You would think that alone would guarantee a landslide against him.  Funny take on it, Arne, that nobody with hair like that could have much vanity...

Camille Paglia made the interesting statement that his hair reflects his almost weird connection with his MOTHER, who apparently wore her hair in a similar coiffeur.

Arne's picture

Corporate moguls don't strike me as being the type to look in the mirror and preen. Even the celebrity ones, like Mark Cuban, Jobs, Gates, Warren Buffett, do not come across as vain in that way. I believe the explanation Jobs gave for his turtlenecks was that having a standard set of clothes gave him more time to do more important things.


Every 4th-level and above I've ever met, was the type who'd kill his grandmother for a better quarterly spreadsheet.  The way they look has been beside the point to them.

To a certain extent I wonder how many Americans have ever met a VP in a F-500 company.  It would provide context on Trump's "hardness," I'll bet.

aka MtGrizzly's picture

Oh, the hair is the perfect reflection of his vanity. Remember, he's a Manhattan playboy that has enjoyed going on Howard Stern and bragging about all the <cencored> that he was getting. He's had scalp reduction surgery to reduce the bald spot and when that turned out poorly, he went with that weird hair plug/toupee/combover/weave thing that he has going on. He's proud that it takes him an hour to get his hair in place every day and talks about it frequently.

It's likely that he spends more time on his hair every day than Hillary. To him, that muppet on his head is better than being bald. That's about as far as the thought process goes. 


Sometimes I pay a little too much attention to readers who *dislike* this material, and forget about the readers who get a lot out of it.  And the latter is who I should be thinking about.  After posting the "Here there be monsters" yard arms at the top, of course.

Thanks Tuner!


I only rarely pop my head up as a result.  But I do enjoy examining this Trump phenomenon, and I've been thinking an inordinate amount about family lately.  Doesn't make for a lot of good chatroom fodder, unfortunately.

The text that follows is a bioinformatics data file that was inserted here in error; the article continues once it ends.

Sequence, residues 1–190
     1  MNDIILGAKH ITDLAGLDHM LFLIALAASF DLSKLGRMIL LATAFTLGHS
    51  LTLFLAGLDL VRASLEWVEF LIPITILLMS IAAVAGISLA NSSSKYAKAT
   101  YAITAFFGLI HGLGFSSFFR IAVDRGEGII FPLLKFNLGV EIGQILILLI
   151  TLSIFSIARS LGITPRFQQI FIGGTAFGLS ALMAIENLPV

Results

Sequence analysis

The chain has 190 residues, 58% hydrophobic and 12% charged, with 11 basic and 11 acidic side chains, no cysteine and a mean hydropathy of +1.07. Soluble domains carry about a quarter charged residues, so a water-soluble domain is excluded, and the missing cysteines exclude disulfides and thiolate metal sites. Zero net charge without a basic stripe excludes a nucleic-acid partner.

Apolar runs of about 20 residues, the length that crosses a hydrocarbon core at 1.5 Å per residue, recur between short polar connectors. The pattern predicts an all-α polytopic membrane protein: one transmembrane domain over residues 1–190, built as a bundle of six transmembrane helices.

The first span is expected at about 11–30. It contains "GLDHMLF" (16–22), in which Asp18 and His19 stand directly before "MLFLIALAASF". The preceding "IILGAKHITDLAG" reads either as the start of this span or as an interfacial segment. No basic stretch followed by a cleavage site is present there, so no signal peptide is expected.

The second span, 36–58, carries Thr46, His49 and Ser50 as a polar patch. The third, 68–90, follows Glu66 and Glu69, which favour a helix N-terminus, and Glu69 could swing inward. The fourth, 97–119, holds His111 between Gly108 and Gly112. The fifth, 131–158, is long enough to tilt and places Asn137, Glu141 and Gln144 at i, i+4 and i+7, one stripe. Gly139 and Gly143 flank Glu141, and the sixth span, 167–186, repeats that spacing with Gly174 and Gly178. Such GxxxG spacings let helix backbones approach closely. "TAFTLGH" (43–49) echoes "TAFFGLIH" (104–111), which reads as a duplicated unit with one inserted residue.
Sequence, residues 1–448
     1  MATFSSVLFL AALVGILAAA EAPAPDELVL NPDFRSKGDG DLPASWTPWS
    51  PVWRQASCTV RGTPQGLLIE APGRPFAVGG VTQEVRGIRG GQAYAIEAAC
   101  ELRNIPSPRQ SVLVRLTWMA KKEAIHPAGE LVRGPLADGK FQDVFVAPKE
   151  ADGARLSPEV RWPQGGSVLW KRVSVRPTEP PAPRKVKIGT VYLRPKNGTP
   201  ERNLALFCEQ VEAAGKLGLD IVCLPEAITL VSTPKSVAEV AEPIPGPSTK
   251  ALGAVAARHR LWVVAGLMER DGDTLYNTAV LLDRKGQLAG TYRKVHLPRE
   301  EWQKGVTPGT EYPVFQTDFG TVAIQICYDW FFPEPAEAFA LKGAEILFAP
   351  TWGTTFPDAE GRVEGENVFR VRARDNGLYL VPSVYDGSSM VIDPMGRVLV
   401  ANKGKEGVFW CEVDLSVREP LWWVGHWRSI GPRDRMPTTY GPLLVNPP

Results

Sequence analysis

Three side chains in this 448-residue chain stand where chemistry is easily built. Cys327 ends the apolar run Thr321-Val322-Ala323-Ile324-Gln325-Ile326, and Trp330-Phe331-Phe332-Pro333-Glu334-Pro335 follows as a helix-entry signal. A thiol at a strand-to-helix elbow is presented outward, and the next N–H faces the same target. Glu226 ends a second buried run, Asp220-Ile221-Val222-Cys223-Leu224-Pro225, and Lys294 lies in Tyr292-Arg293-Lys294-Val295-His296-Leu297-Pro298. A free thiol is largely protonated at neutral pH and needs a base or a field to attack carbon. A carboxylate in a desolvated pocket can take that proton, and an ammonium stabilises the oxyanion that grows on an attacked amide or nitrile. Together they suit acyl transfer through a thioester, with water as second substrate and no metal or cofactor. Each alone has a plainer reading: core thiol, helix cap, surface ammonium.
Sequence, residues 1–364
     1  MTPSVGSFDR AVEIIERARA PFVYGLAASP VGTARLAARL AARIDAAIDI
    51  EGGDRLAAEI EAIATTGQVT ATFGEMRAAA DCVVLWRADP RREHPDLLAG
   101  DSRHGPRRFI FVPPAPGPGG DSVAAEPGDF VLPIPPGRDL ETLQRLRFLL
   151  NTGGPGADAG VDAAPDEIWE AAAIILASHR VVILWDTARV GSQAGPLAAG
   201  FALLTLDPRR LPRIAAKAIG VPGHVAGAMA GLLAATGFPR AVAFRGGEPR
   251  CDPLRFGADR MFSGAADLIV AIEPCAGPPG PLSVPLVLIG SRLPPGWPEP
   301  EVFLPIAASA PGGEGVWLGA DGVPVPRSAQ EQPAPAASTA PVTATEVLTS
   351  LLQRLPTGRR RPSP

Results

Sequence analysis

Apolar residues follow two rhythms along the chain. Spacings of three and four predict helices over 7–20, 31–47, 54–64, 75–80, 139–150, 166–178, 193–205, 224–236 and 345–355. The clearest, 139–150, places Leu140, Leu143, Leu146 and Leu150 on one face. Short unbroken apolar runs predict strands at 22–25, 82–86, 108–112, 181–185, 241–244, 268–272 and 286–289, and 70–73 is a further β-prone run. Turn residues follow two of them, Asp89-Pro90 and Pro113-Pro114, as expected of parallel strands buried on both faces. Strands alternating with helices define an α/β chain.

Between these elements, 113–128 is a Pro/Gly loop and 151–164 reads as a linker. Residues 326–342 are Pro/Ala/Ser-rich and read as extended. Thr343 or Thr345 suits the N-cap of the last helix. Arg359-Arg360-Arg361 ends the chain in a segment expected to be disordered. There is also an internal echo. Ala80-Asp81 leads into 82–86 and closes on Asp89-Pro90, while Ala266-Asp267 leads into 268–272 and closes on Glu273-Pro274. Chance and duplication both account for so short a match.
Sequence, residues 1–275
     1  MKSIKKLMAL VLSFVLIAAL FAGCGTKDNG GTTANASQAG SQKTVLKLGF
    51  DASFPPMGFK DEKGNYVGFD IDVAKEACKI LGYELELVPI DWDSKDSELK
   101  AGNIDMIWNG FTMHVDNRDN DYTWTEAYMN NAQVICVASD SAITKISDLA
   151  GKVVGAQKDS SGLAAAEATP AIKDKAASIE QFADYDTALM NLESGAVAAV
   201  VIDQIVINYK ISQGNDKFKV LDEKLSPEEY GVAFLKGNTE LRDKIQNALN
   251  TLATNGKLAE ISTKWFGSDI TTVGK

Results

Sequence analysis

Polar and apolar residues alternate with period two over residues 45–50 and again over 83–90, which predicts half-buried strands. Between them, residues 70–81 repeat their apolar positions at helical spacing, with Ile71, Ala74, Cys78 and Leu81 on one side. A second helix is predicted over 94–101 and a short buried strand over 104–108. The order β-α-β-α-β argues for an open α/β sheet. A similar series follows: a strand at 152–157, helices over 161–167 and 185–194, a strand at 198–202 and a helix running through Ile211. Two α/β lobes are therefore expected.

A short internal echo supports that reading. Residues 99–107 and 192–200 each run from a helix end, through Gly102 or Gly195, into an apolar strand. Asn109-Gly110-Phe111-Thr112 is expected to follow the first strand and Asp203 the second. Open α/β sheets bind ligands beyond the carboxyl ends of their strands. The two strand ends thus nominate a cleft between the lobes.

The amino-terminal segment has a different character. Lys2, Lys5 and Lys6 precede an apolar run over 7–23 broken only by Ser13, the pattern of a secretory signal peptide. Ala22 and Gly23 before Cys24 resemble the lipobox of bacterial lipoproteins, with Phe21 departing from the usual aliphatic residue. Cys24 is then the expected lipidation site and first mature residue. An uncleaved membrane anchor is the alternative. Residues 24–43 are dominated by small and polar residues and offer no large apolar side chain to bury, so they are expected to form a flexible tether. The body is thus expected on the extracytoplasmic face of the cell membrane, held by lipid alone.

I am looking forward to seeing Russell & Co. take the field this year.  I hope the interest for the 'hawks is as strong 'round these parts as it has been; I'm looking forward to some engagement on that front :-)


In three words....pure gold Jeff.  Of course it's gold amongst the other gold, but those words will go into a family devotional later tonight for our kiddos benefit (15, 13 and 10).

Always a choice.  Always.

Jpax's picture

I agree with gratitude being a powerful guiding principal to live by.

I also grew up grinding poverty poor.  I had to laugh at the 'toys were gravel rocks' comment because I was in the same situation (wow, this rock looks kind of like a bulldozer if you squint hard enough, etc.).  Ate a lot of crackers and tomato soup, vegetables from the garden, etc.  In addition to the rocks, we used a lot of sticks as toys, also.

My parents were from the Depression era, so had it even worse.  I was told that when you are that poor, you tend to grow up with one of two attitudes:

1)  I will save (or hoard) so I will never be poor again.


2)  I will spend freely while I have money in order to enjoy life while I can.

I personnally tend to be a 'Saver' but have found I don't need many material things to make me truly happy.

Very thoughtful article, loved reading it.  The Trump information also jives with everything I have heard and read.  Although I may like some of his policies or statements, I absolutely cannot stand his dealings with craftsmen, contractors and subcontractors.  I was a Construction Project Manager and can tell you that there are a Lot of ethical people in the business who mare very professional and who also abhor Trump's 'business practices'.  Some even going so far as to quickly paying their subcontractors and tradesmen, knowing how many people actually do live on the edge and quick payments really help.





the way he wallowed in the "You're Fired" comment on Apprentice speaks to that, probably.